May 1, 2014


Seems appropriate to start blogging again with a virtual event. My friend Rosella asked me to participate in Blog Cappuccino Day online.

This is not a cappuccino, but a caffe' macchiato. What I normally order when going out.
Macchiato means spotted and is topped with a small amount of steamed milk, a mini-cappuccino.

It seemed a good time to also talk about coffee rules in Italy.
We go to a bar for coffee, it is not an American bar to have drinks, but a place with all sorts of drinks, mostly espresso, juice

At home, one has breakfast normally with a caffe latte, a large hot milk with coffee and something to eat with it.

When you head out to work, you would stop and get an espresso out, from a bar which has a fabulous espresso machine and good coffee with a nice choice of pastries or savory.

If it is still early, you  can have a caffe', caffe latte ( don't order a latte or you get a glass of hot milk) or a cappuccino or like I do a caffe' macchiato, which is a mini cappuccino.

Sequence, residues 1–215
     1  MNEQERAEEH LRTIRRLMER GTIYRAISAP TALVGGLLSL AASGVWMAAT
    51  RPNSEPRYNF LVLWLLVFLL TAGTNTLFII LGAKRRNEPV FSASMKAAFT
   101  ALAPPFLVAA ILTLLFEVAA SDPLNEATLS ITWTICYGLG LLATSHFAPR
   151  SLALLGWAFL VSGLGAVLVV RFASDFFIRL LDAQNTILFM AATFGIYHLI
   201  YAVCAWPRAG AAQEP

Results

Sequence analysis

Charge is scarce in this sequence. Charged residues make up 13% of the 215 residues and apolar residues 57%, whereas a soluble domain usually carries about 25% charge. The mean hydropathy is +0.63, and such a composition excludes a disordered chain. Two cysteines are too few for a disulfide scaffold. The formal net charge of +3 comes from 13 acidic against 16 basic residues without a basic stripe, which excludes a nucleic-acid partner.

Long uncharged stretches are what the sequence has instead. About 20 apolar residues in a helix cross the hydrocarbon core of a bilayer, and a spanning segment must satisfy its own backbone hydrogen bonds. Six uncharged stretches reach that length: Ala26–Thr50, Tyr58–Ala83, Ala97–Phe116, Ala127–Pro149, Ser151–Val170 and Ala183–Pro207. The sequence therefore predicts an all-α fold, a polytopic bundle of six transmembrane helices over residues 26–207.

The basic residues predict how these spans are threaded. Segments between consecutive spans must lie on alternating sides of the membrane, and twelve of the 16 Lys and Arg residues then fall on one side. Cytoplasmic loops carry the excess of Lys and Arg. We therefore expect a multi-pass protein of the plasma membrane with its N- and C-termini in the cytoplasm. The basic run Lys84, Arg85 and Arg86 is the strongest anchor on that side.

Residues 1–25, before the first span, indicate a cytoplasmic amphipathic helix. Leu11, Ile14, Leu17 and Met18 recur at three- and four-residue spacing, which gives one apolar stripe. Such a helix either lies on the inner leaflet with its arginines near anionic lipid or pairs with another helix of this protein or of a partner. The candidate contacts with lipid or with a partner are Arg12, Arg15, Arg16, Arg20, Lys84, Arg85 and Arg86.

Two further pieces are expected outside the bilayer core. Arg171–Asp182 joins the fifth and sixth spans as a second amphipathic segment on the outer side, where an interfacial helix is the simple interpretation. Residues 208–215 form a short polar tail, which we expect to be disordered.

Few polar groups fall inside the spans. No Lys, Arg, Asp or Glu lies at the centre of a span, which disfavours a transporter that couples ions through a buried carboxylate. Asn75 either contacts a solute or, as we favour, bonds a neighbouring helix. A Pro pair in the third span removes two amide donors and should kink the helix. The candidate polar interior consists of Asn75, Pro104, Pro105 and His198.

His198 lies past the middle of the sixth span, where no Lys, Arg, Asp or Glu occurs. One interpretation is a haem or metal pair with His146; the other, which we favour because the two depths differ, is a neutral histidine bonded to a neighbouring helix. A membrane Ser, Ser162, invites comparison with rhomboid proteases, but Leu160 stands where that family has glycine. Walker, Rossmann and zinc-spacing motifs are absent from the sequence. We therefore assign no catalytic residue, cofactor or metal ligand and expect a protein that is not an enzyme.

Once you have moved on in the day, Italians do not EVER have a cappuccino.

NEVER after a meal, but if you would like a little milk, you can cheat and ask for a caffe macchiato any time of the day.

Check out this little video from New York, he has more espresso than I like but I suppose for what you pay in USA, might as well have a larger portion!

Our espresso's when made correctly are just a tiny sip of incredibly intense coffee, never half the cup, but should be about 1/4. If you want more to drink you can ask for a lungo or in a larger cup with more water an Americano.


  1. Thanks, Judy. As you know, in the U.S. it's hard to get a good cappuccino like they serve everywhere in Italy. True with most other Italian coffee drinks made here. I must say, though, that I love a good cup of American coffee in the morning.

  2. When in Italy, I always ordered caffe' latte and was always pleased with every cup served. I'll use your advice for my husband in Italy when ordering 'American' coffee. Thank you for the tips.